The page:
Quantcast

Warning: A ‘Shrinking Window’ of Usable Groundwater

Produced water from gas drilling in the Marcellus shale. Tara Lohan

By Tara Lohan

We're living beyond our means when it comes to groundwater. That's probably not news to everyone, but new research suggests that, deep underground in a number of key aquifers in some parts of the U.S., we may have much less water than previously thought.

"We found that the average depth of water resources across the country was about half of what people had previously estimated," said Jennifer McIntosh, a distinguished scholar and professor of hydrology and atmospheric sciences at the University of Arizona.


McIntosh and her colleagues—who published a new study about these aquifers in November in Environmental Research Letters—took a different approach to assessing groundwater than other research, which has used satellites to measure changes in groundwater storage. For example, a 2015 study looked at 37 major aquifers across the world and found some were being depleted faster than they were being replenished, including in California's agriculturally intensive Central Valley.

McIntosh says those previous studies revealed a lot about how we're depleting water resources from the top down through extraction, such as pumping for agriculture and water supplies, especially in places like California.

But McIntosh and three other researchers wanted to look at groundwater from a different perspective: They examined how we're using water resources from the bottom up.

The study may help close the gap about what we know and don't know regarding how much water is available deep underground, as well as its quality.

It also rings some alarm bells.

A Different Approach

Instead of examining how fast water tables were falling, as in previous studies, the researchers looked at water chemistry to determine how deep underground you could drill for freshwater or brackish water before that water became too salty to use.

"We looked at the bottom limit of groundwater resources," said McIntosh.

The researchers used information from the U.S. Geological Survey on the quality of groundwater across the country and looked specifically at salinity—how salty the water is. "We looked basin by basin at how that depth of fresh and brackish water changes across the United States," said McIntosh.

The results were about half as much usable water as previous estimates. That means that deep groundwater reserves are not nearly as plentiful as we'd thought in some places.

That's important because when shallow groundwater reserves become depleted or polluted, the strategy so far has been to drill deeper and deeper wells to keep the water flowing.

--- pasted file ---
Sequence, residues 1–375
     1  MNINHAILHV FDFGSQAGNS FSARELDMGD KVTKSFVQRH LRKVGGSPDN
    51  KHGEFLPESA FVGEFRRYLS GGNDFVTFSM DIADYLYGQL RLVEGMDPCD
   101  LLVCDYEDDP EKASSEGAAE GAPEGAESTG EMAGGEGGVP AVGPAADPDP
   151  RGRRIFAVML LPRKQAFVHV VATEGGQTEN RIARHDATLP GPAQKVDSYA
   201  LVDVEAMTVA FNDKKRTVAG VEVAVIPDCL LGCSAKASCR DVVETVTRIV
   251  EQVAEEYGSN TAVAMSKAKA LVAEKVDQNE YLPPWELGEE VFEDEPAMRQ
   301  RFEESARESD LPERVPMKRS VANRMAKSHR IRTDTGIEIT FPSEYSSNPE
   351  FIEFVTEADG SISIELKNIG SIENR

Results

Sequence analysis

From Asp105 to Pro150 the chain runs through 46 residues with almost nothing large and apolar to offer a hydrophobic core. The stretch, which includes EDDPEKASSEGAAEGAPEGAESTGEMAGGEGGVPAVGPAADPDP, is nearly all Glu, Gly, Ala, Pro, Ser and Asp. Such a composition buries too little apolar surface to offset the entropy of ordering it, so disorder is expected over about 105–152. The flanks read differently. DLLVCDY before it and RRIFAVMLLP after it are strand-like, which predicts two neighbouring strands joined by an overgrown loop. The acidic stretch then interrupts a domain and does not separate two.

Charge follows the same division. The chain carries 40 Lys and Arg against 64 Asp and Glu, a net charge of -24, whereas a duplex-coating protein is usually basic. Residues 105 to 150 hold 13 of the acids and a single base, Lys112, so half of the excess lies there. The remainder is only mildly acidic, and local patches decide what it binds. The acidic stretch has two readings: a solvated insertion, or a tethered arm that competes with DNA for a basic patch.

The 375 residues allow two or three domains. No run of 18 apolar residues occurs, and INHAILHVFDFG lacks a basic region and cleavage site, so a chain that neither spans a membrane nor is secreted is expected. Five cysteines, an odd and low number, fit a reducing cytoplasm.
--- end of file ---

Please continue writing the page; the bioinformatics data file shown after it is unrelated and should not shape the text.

But we may not always be able to drill our way out of water shortages. "Tapping into these deep waters works for now, but the long-term prospects for using these waters are quite concerning," said the report's lead author, Grant Ferguson, an associate professor in the department of Civil and Geological Engineering at the University of Saskatchewan.

The problem isn't evenly distributed across the country. While a number of aquifers in the West have deep freshwater reserves, the water in parts of the eastern and central U.S. becomes salty at much shallower depths. "Drilling deeper water wells to address groundwater depletion issues represents no more than a stopgap measure in these areas," the researchers concluded in their paper. One area of particular concern the researchers noted was in the Anadarko and Sedgwick basins underlying parts of Kansas, Oklahoma and Texas, which has particularly shallow freshwater reserves.

Depth to water with total dissolved solids (a) <3000 and (b) <10 000 mg l−1 based on median values in 100 m bins. (c) TDS distribution relative to the 50th and 95th percentile of water well depths

Oil and Water

The study looked at a total of 28 sedimentary basins across the U.S. that were chosen because they're known to contain oil and gas reserves.

The researchers found that the oil and gas industry uses fresh and brackish water, both of which are drawn from the bottom up. And that's another element of the research that could raise concern.

In some cases the industry pumps out brackish water as part of its drilling operations. Industry waste is then injected back underground into deep aquifers. As a result, water reserves are depleted from pumping and possibly contaminated during re-injection, the researchers found.

Deep groundwater resources can be threatened by oil and gas production or injection wells.

The depth between oil and gas activities and drinking water reserves varied greatly across the country. Wyoming and the Michigan basin were two places where oil and gas activities are relatively shallow and in close proximity to fresh and brackish water, which could increase the chances of contamination of water resources. Water contamination from oil and gas activity has already been documented in Pavillion, Wyoming.